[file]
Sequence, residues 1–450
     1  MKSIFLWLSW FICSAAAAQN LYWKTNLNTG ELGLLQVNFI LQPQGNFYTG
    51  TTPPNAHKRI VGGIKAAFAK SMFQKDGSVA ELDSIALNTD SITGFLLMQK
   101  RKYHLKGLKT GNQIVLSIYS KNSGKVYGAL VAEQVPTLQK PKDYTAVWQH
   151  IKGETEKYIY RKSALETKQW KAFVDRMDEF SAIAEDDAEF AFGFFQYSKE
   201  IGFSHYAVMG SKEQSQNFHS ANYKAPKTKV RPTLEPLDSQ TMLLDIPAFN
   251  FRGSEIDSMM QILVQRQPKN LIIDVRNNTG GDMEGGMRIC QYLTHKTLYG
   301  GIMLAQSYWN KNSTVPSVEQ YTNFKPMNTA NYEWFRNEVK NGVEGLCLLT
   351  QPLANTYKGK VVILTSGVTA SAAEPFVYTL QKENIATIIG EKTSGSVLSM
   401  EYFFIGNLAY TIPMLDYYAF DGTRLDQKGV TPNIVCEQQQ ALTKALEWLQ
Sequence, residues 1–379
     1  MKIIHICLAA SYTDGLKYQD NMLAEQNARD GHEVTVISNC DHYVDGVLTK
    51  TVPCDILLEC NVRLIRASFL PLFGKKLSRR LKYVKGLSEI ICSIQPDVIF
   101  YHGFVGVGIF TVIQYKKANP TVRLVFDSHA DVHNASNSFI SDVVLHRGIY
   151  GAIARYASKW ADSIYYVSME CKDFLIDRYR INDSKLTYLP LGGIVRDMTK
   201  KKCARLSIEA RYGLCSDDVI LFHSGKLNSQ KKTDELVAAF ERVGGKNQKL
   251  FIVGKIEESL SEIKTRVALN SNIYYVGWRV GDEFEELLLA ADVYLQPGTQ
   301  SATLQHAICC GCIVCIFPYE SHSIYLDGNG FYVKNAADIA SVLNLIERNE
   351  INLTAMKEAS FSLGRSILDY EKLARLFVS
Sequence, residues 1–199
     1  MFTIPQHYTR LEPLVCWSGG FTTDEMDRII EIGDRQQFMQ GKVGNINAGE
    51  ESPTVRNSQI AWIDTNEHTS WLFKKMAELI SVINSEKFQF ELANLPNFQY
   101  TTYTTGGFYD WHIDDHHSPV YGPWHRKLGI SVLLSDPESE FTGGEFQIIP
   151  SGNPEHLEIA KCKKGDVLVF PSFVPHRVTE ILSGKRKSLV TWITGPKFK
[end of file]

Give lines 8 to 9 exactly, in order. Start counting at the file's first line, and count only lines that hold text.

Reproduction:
   301  GIMLAQSYWN KNSTVPSVEQ YTNFKPMNTA NYEWFRNEVK NGVEGLCLLT
   351  QPLANTYKGK VVILTSGVTA SAAEPFVYTL QKENIATIIG EKTSGSVLSM